Tuesday, September 14, 2004

In case you have not heard...

Vatican Document Misused by Kerry Supporters in the Church and Media

From Culture of Life Foundation:

A memo released privately two months ago by the Vatican's leading theologian, Cardinal Joseph Ratzinger, is being portrayed by the media and liberal Catholics as giving Catholic voters permission to vote for the pro-abortion Democratic candidate for President.

So far, a moral theologian and a high-ranking official of the Detroit Archdiocese, where the story first broke, say the document's precise language is being distorted.

Ratzinger issued a private memo in the spring that explored whether pro-abortion politicians ought to be denied communion. He concluded that they must be denied communion if, after consistent teaching by the bishop, they persist in their error regarding abortion.

It is the final and separate paragraph to his memo that is causing all the confusion and controversy. In a short "nota bene," Ratzinger answers the question whether a voter may receive communion if he has voted for a pro-abortion politician. He concludes that any vote for a pro-abortion politician is cooperation in "evil." He goes on to say that a person who votes for a pro-abortion politician may receive communion but only if he voted that way for "proportionate" reasons. And this is the phrase that the media and liberal Catholics have used to give permission to vote for the pro-abortion John Kerry. Some are claiming that "proportionate" reasons may be any serious issue that the voter cares about, the war in Iraq, for instance.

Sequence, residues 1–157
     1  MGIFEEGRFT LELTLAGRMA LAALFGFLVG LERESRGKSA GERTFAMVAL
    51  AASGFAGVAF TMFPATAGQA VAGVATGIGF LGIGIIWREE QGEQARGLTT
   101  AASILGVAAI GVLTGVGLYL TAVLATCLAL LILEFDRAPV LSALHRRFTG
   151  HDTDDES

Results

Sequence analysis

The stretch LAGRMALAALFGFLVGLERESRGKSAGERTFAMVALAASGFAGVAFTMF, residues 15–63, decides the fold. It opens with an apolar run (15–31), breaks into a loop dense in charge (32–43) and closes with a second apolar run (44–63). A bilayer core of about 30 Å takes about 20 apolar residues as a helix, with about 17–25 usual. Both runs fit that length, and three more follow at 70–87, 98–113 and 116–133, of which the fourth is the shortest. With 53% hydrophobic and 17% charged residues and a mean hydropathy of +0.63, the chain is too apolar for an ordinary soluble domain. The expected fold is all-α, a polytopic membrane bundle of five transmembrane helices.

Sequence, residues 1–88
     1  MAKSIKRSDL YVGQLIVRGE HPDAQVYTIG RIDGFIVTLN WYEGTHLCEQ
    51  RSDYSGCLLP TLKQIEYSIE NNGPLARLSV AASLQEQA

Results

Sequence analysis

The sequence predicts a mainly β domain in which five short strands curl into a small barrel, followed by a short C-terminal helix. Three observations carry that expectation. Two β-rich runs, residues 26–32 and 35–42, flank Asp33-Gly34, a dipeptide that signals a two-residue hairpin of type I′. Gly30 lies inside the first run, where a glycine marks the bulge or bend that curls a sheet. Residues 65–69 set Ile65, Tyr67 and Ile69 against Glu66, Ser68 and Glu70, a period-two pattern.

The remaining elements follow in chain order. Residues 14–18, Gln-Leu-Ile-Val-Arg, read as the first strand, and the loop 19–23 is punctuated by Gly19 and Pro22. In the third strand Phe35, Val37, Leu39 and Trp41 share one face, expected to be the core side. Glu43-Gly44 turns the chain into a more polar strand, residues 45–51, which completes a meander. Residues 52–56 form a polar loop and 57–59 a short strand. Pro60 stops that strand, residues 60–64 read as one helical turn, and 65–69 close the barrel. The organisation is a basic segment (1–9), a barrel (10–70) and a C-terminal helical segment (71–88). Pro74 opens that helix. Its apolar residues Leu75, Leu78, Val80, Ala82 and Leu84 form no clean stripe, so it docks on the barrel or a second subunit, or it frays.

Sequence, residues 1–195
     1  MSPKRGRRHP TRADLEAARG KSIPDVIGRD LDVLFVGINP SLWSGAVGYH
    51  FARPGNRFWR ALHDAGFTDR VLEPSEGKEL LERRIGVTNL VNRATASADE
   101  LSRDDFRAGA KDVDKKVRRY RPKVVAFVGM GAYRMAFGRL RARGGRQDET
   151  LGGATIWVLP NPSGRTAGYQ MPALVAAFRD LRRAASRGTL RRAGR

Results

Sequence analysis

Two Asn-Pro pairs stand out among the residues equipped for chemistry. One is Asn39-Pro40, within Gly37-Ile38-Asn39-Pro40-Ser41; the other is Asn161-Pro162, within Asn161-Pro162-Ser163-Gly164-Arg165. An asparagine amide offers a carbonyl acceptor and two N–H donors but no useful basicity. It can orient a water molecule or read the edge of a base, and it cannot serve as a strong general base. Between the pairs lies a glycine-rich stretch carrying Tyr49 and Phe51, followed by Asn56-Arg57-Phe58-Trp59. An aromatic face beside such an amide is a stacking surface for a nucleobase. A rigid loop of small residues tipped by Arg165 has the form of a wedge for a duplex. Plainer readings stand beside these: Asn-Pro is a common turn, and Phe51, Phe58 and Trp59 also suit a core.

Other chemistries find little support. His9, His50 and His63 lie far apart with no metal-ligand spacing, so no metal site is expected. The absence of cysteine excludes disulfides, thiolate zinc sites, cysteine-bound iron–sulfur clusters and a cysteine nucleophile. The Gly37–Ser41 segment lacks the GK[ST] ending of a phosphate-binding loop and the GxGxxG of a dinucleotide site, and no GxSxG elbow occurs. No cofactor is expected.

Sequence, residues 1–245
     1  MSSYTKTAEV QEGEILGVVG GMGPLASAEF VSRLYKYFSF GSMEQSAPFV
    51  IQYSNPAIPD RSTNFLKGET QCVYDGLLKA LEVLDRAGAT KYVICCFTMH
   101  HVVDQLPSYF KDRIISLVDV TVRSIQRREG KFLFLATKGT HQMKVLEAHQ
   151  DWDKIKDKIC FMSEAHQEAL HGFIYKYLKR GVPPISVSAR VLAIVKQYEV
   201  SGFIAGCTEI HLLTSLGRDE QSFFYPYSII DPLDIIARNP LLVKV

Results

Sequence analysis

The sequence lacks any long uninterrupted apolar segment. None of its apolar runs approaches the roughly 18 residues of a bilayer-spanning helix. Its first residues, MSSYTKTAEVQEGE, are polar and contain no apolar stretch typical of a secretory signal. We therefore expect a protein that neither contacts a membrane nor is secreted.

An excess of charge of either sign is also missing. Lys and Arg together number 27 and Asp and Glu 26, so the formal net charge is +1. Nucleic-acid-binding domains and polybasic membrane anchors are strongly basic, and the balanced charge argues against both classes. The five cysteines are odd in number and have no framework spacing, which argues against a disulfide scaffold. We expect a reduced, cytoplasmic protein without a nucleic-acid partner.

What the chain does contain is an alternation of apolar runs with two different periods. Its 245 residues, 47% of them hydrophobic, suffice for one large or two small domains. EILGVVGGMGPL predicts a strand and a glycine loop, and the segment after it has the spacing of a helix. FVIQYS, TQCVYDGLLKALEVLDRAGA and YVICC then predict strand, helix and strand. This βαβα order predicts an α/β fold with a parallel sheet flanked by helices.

Father Stephen Torraco, chairman of the theology department at Assumption College in Worcester, Massachusettes, says this interpretation of "proportionate" is wrong. Taracco says the term "proportionate" has a very specific meaning within Catholic moral theology and that "proportionate reasons" for voting for a pro-abortion candidate would have to be limited to stopping other intrinsically evil acts similar to abortion. Even a candidate's support for capital punishment or war could not be used to justify voting for a pro-abortion candidate, he said, because neither of those things are intrinsically immoral according to Catholic teaching.

Besides Taracco's, a response was issued by the chancellor of the Archdiocese of Detroit, where the story first broke. Presumably writing for the Archbishop of Detroit, Cardinal Adam Maida, Father Robert J. McClory, wrote that the issue was "much more nuanced than was reported in the Free Press article . . ." He said that Ratzinger's note did not clear the way to vote for a pro-abortion candidates. "The distribution of this text has led to much debate over what might be 'proportionate reasons' in the context of the moral evil of abortion, including how this might apply when all the candidates for a given office support abortion to varying degrees. Suffice it to say that 'proportionate reasons' go far beyond simply 'agreeing with the candidate's other stands.'"

Many other news outlets including The Washington Post have reported on the note but have omitted an adequate explanation of the term "proportionate reasons." Culture and Cosmos has learned that at least one, possibly more, prominent bishops are planning to address the problem in the coming days.

Copyright, 2004 --- Culture of Life Foundation

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